[ppml] Policy Proposal 2006-7: Changes to IPv6initialallocation criteria - revised text

Davis, Terry L terry.l.davis at boeing.com
Wed Feb 21 15:01:48 EST 2007


Excellent commentary!

For the readers to consider in thinking about your comments:
The aviation industry will be developing at least three independent IP
networks serving each commercial aircraft flying the world.  These
networks will span the entire globe!  (We have several airlines that
have aircraft that literally complete a circle of the globe every few

The air traffic control network will be closed as it is today.  But the
addressing still ideally should come from a single block of addresses
(sub-addressed between aircraft and ground system).  And these addresses
will need to be pooled, distributed, and managed under the rules of the
International Civil Aviation Organization.  In ICAO's case, they will
need the allocation years ahead of the first actual use as they will
have to make their allocations from that space to the airlines and
governments around the world.

The airline networks, for their business communications with their
fleets, will also need to almost certainly use a global network design.

As will the onboard networks dedicated to serving the passengers for
both Internet and live video content to the seat back.

I think you will see the same requirements from the maritime and several
other industries.

Industry and business needs the some type of consideration here.

Take care

PS: Especially "critical infrastructure"!  Next time you are at home and
the snow is really deep outside and the wind blowing or it is really hot
and the air conditioner is going full tilt, ask yourself if you would
like for your power company to be planning switching ISP's that day and
re-addressing all their SCADA systems across three or four states?

And can you imagine when would be a good time for an airline (even a
small one) to switch ISP's without potentially disrupting your travel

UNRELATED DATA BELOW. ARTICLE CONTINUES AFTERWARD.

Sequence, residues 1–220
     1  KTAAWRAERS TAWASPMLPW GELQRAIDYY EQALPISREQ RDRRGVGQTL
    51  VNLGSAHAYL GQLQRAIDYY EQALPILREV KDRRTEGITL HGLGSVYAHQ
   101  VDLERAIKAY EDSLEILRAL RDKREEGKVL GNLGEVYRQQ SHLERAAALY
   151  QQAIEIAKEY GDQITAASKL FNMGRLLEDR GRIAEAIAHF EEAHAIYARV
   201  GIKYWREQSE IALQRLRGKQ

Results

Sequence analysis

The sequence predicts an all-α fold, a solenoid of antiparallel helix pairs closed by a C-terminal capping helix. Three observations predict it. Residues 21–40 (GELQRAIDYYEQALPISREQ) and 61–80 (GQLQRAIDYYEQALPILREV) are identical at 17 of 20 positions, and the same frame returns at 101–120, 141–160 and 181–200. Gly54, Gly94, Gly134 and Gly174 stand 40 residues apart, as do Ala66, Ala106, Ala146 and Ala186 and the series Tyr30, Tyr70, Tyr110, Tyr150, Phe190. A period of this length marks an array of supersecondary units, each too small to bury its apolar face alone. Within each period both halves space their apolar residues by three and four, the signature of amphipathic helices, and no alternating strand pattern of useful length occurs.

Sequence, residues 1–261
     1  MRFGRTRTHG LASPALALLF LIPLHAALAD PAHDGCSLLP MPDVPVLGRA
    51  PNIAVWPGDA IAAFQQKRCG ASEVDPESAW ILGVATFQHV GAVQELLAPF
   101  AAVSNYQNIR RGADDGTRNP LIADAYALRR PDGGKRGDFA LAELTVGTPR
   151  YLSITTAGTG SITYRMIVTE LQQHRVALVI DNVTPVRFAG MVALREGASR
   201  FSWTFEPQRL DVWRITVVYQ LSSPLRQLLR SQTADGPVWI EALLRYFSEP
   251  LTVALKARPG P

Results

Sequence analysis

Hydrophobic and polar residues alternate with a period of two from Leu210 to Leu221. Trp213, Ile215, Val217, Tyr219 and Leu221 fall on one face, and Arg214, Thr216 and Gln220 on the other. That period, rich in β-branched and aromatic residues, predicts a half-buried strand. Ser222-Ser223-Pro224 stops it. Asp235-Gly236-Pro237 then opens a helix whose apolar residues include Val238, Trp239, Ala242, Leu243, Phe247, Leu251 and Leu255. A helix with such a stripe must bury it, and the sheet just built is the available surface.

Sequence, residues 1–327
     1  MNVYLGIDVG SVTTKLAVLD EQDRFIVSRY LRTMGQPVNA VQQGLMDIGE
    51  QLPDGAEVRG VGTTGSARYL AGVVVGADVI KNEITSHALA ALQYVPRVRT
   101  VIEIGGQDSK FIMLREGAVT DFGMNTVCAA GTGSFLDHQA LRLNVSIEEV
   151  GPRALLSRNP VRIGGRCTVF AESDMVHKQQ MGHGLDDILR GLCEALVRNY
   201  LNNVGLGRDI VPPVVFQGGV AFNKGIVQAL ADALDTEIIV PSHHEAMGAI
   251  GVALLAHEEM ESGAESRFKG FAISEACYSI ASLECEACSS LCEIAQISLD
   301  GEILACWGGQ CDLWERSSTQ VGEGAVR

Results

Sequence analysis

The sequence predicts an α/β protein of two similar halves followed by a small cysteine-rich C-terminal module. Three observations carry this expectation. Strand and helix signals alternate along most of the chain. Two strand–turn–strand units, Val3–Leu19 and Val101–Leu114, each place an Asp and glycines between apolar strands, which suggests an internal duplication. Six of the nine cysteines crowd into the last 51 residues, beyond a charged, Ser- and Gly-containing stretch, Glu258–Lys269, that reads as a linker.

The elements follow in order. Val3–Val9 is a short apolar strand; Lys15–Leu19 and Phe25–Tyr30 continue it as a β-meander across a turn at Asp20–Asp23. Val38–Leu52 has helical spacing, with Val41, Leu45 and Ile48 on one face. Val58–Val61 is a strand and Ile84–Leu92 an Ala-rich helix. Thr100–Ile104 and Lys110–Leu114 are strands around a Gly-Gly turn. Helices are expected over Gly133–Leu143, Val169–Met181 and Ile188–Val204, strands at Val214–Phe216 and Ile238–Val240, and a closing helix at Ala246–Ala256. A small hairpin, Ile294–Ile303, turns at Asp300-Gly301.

Or consider any other critical infrastructure that you have to deal with
daily and remember critical infrastructure includes small businesses;
hospitals, clinics, banks, local fuel distributor, refineries, gas
company, etc.  When would be a convenient time for them to change ISP's
and switch addresses so no one was impacted?

> -----Original Message-----
> From: michael.dillon at bt.com [mailto:michael.dillon at bt.com]
> Sent: Wednesday, February 21, 2007 6:53 AM
> To: ppml at arin.net
> Subject: Re: [ppml] Policy Proposal 2006-7: Changes to
> IPv6initialallocation criteria - revised text
> > Aside: It's not entirely clear to me if a provider not
> > connected to the
> > public Internet can become an LIR; does private "connectivity" and
> > "advertising" count?
> It counts. RFC 2050 still applies even to IPv6 addressing.
> I think our main problem with IPv6 policy is the ISP-centric wording.
> For instance, a railway sensor network that spans North America seems
> fit into the category "end-site" which is a totally irrational way to
> describe such a network.
> One way to address this issue is to restructure the policy and make
> implicit things explicit. For instance:
>   =====
> Secition A) ARIN provides allocations of IPv6 address space to
> organizations who operate continually growing networks which connect
> many other organizations together. The classic examples of this are
> ISP (Internet Service Provider), the VAN (Value-Added Network) and the
> Industry Extranet (automotive, financial services). These
> become ARIN LIRs(Local Internet Registries) and are expected to
> assignments of IPv6 address space to organizations who connect to
> networks.
> Section B) ARIN also provides assignments of IPv6 address space to
> organizations who are building an IPv6 network that remains largely
> under their control with limited interconnectivity with other
> This ranges from enterprises to railway consortia to cellphone
> operators. The key distinguishing characteristic of these
> is that their networks are not continually growing at such a scale
> they have to plan for additional allocations of IPv6 addresses at
> regular intervals. In other words, they are not network service
> providers whose prime business is network connectivity services.
>   =====
> Given something like this in the policy, then it becomes simpler to
> address the area under contention.
> Organizations cannot receive IPv6 addresses under both section A and
> section B.
> Section A organizations must provide sufficient documentation to show
> that they are providing IPv6 network services or will do so within the
> first year after receiving an allocation.
> Section A organizations must sign an LIR agreement with ARIN.
> Section A organizations must maintain an active abuse desk contact
> Section A organizations must ...
> You can see what I am getting at. We've been hacking away at minor
> adjustments to this wording for ages with no resolution. People can't
> agree because they don't share the same understanding of the existing
> wording. This lack of shared understanding then extends to the minor
> changes as well. The solution is to rework a larger section of policy
> (or multiple sections of policy) to get some much clearer prose in
> which is unambiguous. In the process, there are some things that are
> clearly spelled out in the policy and they could be. I know it is hard
> for the ISP-oriented folks to see this so I hope some of the corporate
> members will step up and contribute here. ARIN policy does not have to
> be so mystifying.
> --Michael Dillon
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